Invited by David Adjaye in 2009 to co-curate his exhibition GEO-Graphics: A Map of African Art Past and Present in Brussels, curator Koyo Kouoh decides to present the independent institutions that have reshaped the art scene in Africa. She was already asking the question of the potential for change for art institutions in a context undermined by politics and market rules.

Some time later, RAW Material Company is born in Senegal as an independent space, in resistance to the legacy of a dominant vision of the arts, imposed through a cultural policy implemented by the post-colonial administration and in response to the need to address the institutional void and the absence of critical thinking spaces in the arts sphere. In 2011, the Center for Art, Knowledge, and Society opens a physical space in Dakar for knowledge sharing, expression of free and differentiated thought and alternative education.

Convinced that "art centers are not only products of their environment, but also active agents capable of shaping their societies in return,”[7] its founder Koyo Kouoh applies her research to a self-organized functioning that emancipates itself from dominant paradigms that are based on a dichotomous opposition of center and periphery.


Navigating the Fundraising System
Notwithstanding the number of cultural initiatives, symbols of a dynamic and flourishing scene in Senegal, the cultural sector still sorely lacks government support. Thus, the first funding solutions that actors turn to are external: it comes mostly from cooperation agencies or institutions. Often non-structural, this type of subsidy rarely involves working capital or the launch of a structure but is presented in the form of calls which focus almost essentially on projects: this has the effect of maintaining a form of dependence on donors, with the cultural actors barely keeping their chins above water. Long and complex to fill out, most of these forms and files recreate a form of hierarchy of knowledge where only those who have the keys to a precise semantics are able to apply. Moreover, the appeals are unfortunately often written by people who are far removed from the concrete realities of the field. They sometimes reveal a network hierarchy which leaves the strange sensation that the dice are already loaded. There is also a lack of follow-up and analysis of the projects, which prevents continuity and the reproduction of models that work.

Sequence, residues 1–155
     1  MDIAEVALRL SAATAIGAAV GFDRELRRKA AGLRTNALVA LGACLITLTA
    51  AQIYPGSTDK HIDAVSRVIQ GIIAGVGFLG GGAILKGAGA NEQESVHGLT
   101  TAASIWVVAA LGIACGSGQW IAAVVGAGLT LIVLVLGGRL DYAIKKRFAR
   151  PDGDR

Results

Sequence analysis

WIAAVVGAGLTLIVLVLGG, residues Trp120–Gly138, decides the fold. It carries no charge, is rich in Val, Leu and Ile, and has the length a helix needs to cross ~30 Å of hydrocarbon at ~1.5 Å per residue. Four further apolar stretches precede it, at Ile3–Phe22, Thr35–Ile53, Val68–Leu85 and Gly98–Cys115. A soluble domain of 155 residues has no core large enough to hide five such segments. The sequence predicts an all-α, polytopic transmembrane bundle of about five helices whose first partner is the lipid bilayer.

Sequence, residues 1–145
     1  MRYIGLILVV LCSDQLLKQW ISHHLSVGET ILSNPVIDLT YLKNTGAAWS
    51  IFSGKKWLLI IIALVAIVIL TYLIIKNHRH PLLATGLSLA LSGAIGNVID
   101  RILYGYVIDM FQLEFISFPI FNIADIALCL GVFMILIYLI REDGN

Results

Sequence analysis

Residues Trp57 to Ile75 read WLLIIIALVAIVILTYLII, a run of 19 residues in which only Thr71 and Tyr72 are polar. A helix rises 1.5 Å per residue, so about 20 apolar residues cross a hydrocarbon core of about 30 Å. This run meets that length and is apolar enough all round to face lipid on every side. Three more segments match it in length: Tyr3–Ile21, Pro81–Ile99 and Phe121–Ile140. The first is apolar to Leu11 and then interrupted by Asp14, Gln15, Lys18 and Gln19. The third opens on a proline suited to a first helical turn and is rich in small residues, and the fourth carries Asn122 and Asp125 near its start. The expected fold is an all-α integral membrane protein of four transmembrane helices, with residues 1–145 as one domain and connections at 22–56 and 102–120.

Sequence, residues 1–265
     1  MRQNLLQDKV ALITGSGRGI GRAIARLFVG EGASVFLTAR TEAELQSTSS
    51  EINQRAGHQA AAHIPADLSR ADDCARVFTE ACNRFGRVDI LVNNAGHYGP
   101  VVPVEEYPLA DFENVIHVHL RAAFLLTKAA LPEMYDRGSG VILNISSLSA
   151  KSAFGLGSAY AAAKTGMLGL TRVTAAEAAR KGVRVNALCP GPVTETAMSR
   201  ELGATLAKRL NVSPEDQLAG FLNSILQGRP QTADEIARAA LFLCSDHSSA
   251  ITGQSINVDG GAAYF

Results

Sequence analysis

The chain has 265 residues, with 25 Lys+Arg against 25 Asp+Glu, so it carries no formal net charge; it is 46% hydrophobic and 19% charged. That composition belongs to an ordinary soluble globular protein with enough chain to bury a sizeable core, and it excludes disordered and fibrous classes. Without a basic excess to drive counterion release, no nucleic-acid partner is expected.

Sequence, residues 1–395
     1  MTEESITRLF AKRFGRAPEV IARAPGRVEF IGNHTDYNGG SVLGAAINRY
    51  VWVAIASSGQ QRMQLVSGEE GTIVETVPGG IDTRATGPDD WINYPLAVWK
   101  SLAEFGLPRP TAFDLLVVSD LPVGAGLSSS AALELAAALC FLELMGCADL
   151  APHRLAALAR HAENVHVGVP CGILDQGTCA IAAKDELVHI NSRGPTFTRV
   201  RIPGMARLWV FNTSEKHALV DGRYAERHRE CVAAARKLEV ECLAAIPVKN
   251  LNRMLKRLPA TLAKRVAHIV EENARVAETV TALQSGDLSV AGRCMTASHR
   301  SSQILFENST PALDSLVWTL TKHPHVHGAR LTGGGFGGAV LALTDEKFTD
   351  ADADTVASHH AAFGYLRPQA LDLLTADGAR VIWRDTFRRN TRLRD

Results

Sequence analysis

When the call is won, the administrative aspects are often so demanding that they can jeopardize the artistic and organizational autonomy of the projects. Some institutions impose their themes in relation to their funding axes, sometimes defined one or two years in advance. This inevitably influences the themes addressed by the cultural actors, even if they are really relevant in their programmatic axes, meaning ideally linked to their contexts. For example, it is obvious that digital technology is a priority, but everything depends on how it is approached in accordance with endemic problems, such as access to electricity or technology.

The standards, rules, criteria, and other deliverables can become so restrictive that they almost require additional staff to manage the files, and they end up nipping the project in the bud by taking over the research or implementation of the latter. In addition, the the extensive administrative process of cooperating institution and the delays of bank transfers to Africa add to this scarcity of human resources. It happens sometimes that the institutions consider themselves better able to manage these files and end up proposing an artistic program that remains a form of cultural diplomacy where the stakes of representation are blatant.